Turkey scrambles fighter jets
Turkey scrambled two fighter planes to the border with Syria today after a Syrian military helicopter bombed the Syrian border town of Azmarin.
There has been intense fighting between rebels and Syrian government forces this week in Azmarin and neighbouring towns, an area strongly opposed to president Bashar al-Assad's rule.
Shells fired onto the town from surrounding hills sent thick plumes of smoke and dust rising into the air during fighting yesterday and a voice amplified through loudspeakers, audible from the village of Hacipasa in Turkey's Hatay province, called on rebel fighters to surrender, warning of an air assault.
Fighting along Turkey's 900-km (560-mile) border with Syria has repeatedly spilled over into Turkish territory in the past week, with the Turkish army responding in kind to gunfire and mortar shells fired from Syria.
Turkish chief of staff General Necdet Ozel said on Wednesday his troops would respond "with greater force" if the shells continued to land on Turkish soil, and parliament last week authorised the deployment of troops beyond Turkey, heightening fears that Syria's civil war would drag in regional powers.
Elsewhere, Syrian rebels captured an air defence base east of Aleppo as government forces battled insurgents on several fronts across the country, activists said.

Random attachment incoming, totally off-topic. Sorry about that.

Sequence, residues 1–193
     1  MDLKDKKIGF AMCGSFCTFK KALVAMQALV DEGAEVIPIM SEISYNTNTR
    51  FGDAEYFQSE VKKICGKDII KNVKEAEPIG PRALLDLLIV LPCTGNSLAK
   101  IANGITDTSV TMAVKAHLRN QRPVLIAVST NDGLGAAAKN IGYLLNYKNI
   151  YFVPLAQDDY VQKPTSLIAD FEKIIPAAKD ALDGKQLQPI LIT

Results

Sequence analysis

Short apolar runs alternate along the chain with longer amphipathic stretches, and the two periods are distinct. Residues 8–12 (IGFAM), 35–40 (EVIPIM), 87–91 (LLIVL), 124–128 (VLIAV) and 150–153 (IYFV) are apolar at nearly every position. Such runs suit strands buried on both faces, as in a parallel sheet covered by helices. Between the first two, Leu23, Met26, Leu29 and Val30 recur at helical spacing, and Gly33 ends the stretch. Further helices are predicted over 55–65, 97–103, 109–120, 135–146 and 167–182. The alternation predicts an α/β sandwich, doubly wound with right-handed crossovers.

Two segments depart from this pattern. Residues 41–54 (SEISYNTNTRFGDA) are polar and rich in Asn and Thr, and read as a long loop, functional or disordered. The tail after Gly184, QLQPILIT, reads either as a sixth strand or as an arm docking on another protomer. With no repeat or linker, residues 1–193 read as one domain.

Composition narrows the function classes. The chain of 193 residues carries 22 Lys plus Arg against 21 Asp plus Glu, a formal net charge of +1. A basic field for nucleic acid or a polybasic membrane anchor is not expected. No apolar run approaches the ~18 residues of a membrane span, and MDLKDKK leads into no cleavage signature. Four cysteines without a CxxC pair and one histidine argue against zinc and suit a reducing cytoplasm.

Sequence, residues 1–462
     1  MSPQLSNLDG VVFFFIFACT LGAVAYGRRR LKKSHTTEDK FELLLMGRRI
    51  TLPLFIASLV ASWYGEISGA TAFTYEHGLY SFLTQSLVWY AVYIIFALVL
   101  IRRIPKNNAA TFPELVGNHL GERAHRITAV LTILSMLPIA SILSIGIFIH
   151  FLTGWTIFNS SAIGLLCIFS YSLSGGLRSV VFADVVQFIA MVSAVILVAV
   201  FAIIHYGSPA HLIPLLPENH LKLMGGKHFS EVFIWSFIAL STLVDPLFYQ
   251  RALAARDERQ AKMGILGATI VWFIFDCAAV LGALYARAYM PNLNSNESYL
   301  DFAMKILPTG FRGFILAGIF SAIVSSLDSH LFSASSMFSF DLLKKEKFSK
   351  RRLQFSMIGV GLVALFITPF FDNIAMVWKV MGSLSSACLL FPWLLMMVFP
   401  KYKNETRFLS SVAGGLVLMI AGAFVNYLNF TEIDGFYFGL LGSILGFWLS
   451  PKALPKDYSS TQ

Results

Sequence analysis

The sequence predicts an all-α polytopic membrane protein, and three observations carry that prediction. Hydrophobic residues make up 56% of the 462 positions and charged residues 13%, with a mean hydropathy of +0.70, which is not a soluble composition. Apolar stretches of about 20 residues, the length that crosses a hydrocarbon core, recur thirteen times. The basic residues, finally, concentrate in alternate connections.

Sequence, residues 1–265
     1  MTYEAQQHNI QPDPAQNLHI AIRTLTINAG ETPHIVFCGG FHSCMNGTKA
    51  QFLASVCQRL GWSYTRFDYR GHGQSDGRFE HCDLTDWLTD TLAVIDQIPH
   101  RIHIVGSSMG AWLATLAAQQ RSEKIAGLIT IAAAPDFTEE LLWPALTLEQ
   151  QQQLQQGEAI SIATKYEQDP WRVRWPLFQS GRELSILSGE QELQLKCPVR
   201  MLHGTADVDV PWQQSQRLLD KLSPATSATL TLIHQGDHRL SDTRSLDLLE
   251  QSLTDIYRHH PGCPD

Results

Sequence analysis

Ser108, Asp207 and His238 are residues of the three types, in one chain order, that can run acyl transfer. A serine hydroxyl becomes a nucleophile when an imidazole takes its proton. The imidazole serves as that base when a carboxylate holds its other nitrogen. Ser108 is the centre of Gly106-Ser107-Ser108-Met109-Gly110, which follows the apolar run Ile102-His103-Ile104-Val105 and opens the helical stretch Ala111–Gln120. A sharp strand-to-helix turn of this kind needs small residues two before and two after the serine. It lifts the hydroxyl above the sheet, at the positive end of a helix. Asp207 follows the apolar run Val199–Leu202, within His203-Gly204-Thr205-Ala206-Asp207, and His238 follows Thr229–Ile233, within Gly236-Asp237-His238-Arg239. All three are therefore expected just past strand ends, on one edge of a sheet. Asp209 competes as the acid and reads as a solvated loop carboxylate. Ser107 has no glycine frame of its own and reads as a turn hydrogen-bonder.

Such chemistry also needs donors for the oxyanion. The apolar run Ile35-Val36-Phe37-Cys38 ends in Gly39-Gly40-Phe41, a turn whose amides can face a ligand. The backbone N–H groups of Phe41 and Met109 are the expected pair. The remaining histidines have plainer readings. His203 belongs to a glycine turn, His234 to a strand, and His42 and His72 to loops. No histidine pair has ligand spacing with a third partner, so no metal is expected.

Clashes were also taking place at a military barracks close to Maarat al-Nuaman, a town on the main highway to the northwestern city of Aleppo which was seized by rebel forces earlier this week, the Syrian Observatory for Human Rights said.
The pro-opposition Observatory gave a death toll yesterday of more than 260 people, including civilians and combatants on both sides in violence in the capital and the north, west and east.
It said 92 soldiers were killed yesterday, which would be one of the highest daily casualty counts on the government side since the uprising against president Bashar al-Assad broke out in March 2011.
The official Sana news agency also reported fighting nationwide and said dozens of rebels, which it called "mercenary terrorists", had been killed.
The reports could not be independently verified but they indicate a rapidly intensifying conflict, with the death tolls of the past several weeks far exceeding previous months.
Although international attention has focused on the Turkish border in the past week, Aleppo and the city of Homs - north of Damascus and near the border with Lebanon - are being fought over and clashes take place almost daily in the suburbs of the capital Damascus as well as in the countryside.